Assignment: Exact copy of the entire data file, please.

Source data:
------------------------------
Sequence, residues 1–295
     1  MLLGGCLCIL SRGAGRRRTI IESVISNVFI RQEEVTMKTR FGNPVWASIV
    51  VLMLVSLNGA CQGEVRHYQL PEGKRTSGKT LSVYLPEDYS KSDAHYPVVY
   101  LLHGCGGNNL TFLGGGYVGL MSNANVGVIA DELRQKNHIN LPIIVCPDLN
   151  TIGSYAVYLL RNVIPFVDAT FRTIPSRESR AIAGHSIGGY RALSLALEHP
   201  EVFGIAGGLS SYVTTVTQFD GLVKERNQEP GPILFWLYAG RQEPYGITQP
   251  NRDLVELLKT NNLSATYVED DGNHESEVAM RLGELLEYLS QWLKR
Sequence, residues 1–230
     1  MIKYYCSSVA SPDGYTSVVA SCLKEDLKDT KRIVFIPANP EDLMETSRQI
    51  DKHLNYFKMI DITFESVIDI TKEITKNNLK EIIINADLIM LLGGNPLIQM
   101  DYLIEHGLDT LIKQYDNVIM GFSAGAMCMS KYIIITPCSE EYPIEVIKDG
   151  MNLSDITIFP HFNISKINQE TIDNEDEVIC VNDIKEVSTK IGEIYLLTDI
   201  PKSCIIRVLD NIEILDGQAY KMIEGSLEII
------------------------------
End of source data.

Sequence, residues 1–295
     1  MLLGGCLCIL SRGAGRRRTI IESVISNVFI RQEEVTMKTR FGNPVWASIV
    51  VLMLVSLNGA CQGEVRHYQL PEGKRTSGKT LSVYLPEDYS KSDAHYPVVY
   101  LLHGCGGNNL TFLGGGYVGL MSNANVGVIA DELRQKNHIN LPIIVCPDLN
   151  TIGSYAVYLL RNVIPFVDAT FRTIPSRESR AIAGHSIGGY RALSLALEHP
   201  EVFGIAGGLS SYVTTVTQFD GLVKERNQEP GPILFWLYAG RQEPYGITQP
   251  NRDLVELLKT NNLSATYVED DGNHESEVAM RLGELLEYLS QWLKR
Sequence, residues 1–230
     1  MIKYYCSSVA SPDGYTSVVA SCLKEDLKDT KRIVFIPANP EDLMETSRQI
    51  DKHLNYFKMI DITFESVIDI TKEITKNNLK EIIINADLIM LLGGNPLIQM
   101  DYLIEHGLDT LIKQYDNVIM GFSAGAMCMS KYIIITPCSE EYPIEVIKDG
   151  MNLSDITIFP HFNISKINQE TIDNEDEVIC VNDIKEVSTK IGEIYLLTDI
   201  PKSCIIRVLD NIEILDGQAY KMIEGSLEII